To deter an intruder from trying to prise open a window, you can fit a contact alarm that will emit an alert when force is used to break in via a window.
However, an alarm like this can’t detect the difference between a window being opened rather than being forced. Instead, glass break sensors can be used to raise the alarm at the sound of breaking glass.
For ultimate window protection, you can use contact alarms and sensors together.
For retailers, there’s a balance between making stores a welcoming venue for customers while at the same time protecting staff and goods.
However, security features for retail premises can be discreetly installed to ensure that they don’t impact on your day-to-day trading activities - inconspicuous intruder alarms, CCTV and access control can all be used to help protect your business from theft and other malicious activities.
Home automation is all about being able to take electronic control of household devices. This could be anything from clocks and computers to kettles and washing machines.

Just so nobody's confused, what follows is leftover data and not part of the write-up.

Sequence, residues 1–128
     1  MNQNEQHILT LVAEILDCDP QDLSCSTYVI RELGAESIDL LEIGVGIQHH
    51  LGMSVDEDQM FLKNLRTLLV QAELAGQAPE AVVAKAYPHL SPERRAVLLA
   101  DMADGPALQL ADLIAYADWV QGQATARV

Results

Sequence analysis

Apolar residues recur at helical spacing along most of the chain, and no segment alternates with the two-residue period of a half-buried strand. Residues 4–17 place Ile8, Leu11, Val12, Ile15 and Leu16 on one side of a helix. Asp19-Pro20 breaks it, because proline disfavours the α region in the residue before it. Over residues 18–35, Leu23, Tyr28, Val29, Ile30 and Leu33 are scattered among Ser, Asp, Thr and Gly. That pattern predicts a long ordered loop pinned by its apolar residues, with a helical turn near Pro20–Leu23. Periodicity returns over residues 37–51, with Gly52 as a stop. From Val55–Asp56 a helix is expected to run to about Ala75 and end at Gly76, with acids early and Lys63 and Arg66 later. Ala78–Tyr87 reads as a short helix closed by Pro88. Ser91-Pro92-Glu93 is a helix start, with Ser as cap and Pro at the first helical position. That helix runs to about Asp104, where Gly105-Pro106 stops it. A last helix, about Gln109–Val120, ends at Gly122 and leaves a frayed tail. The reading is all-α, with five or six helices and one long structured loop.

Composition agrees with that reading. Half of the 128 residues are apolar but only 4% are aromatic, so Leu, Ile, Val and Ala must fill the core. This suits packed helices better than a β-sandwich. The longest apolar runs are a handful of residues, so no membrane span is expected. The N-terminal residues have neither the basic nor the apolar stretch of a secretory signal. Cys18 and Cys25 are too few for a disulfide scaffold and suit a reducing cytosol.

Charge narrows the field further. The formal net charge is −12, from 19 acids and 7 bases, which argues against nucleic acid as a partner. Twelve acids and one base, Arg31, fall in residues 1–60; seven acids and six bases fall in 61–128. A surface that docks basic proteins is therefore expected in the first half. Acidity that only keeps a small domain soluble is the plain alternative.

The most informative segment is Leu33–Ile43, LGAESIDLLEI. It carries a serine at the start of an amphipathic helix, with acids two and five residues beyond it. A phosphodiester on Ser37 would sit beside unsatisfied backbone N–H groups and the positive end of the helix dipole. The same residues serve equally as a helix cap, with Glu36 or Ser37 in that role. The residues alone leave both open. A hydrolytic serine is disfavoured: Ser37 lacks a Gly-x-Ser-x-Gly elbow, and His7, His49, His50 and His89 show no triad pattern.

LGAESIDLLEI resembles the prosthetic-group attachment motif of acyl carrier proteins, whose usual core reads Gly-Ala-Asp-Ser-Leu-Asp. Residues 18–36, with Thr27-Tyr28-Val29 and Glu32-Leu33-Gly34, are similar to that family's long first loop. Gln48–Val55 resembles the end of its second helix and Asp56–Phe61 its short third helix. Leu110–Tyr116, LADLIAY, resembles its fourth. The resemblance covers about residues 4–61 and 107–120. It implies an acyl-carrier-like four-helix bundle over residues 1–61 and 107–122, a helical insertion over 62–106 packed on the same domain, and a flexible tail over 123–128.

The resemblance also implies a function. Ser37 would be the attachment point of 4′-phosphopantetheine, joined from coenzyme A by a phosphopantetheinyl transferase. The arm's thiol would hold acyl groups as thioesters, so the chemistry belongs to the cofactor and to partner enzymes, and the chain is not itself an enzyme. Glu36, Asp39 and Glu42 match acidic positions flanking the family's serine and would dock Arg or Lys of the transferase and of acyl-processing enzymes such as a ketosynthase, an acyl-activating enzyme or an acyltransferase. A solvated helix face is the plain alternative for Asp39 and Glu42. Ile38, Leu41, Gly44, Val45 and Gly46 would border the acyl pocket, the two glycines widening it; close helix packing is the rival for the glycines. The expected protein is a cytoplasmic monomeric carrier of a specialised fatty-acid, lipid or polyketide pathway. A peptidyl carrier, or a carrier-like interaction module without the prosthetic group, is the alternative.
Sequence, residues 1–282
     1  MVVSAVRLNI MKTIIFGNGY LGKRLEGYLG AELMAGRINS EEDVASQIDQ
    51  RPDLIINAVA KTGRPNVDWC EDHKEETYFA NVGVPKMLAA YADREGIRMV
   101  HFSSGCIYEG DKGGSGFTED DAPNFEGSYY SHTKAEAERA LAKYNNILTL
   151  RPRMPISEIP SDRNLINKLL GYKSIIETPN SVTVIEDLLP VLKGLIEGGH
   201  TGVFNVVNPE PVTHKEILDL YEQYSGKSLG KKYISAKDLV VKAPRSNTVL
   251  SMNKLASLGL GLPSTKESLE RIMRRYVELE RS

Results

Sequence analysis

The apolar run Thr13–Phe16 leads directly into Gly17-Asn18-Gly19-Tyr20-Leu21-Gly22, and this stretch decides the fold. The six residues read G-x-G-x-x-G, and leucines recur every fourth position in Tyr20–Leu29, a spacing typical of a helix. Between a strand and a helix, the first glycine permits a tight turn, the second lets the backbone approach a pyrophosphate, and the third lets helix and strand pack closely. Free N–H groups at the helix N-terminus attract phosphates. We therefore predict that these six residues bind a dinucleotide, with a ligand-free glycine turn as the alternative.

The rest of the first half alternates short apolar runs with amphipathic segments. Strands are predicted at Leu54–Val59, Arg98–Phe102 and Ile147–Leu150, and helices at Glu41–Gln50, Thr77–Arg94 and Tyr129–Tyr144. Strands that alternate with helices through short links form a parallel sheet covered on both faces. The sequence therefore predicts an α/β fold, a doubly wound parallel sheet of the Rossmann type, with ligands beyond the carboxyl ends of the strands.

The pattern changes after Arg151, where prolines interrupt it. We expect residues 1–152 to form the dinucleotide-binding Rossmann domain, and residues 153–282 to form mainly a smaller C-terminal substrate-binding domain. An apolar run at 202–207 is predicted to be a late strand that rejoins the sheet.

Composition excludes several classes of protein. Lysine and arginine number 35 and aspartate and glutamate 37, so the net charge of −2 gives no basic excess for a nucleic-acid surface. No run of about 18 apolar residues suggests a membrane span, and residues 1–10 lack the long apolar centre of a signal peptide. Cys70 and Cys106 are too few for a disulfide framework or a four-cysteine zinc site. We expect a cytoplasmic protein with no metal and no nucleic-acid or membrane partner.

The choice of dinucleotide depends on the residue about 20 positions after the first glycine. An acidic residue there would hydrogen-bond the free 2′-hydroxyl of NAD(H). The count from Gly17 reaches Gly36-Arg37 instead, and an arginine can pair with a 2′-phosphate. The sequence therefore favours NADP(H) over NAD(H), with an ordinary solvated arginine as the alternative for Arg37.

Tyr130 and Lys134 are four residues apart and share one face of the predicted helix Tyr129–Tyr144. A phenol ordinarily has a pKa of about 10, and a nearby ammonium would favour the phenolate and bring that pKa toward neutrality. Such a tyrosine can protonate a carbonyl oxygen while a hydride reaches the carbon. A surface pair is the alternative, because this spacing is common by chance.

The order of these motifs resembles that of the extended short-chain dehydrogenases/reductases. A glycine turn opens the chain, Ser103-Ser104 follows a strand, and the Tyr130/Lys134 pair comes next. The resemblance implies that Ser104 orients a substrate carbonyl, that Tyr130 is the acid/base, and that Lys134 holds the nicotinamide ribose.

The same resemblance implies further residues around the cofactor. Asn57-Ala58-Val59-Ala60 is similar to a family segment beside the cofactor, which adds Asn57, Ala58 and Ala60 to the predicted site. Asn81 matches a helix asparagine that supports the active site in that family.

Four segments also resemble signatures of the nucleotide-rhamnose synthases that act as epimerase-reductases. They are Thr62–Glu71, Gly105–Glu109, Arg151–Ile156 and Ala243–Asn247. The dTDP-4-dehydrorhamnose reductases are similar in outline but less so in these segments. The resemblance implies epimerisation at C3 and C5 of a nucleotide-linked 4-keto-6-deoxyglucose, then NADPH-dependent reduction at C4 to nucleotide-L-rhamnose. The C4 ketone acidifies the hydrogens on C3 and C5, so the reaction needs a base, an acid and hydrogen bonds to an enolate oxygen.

Smart houses and home automation have transformed the world of security by connecting locks, lights, alarms and surveillance equipment to the internet. The result is improved property protection for homeowners who are able to increase security at the touch of a button or by voice command.
Marking up your valuables can act as a deterrent to thieves as clearly identifiable property is more difficult to sell and its value is reduced for the thief.
Plus, you are more likely to have your property returned to you in the event of it being lost or stolen if it’s identifiably yours.
When it comes to securing your home, a burglar alarm offers increased protection and peace of mind.
There are a variety of intruder alarm systems on the market with different types of detectors to choose from, and it’s the positioning of these sensors that’s key to the effectiveness of the alarm.
Each year, one in seven households has something stolen from their garden according to crime statistics.
It’s hardly surprising, as a typical garden can often have up to £5,000 of goods on display if you take into account table and chairs, barbecues, water features and expensive shrubs.
Two 6ft bay trees that cost £200 each were recently removed from one garden while Sir Harold Hillier Gardens in Hampshire now only keeps its rare snowdrops (street value £100) on limited display as they have had so many stolen.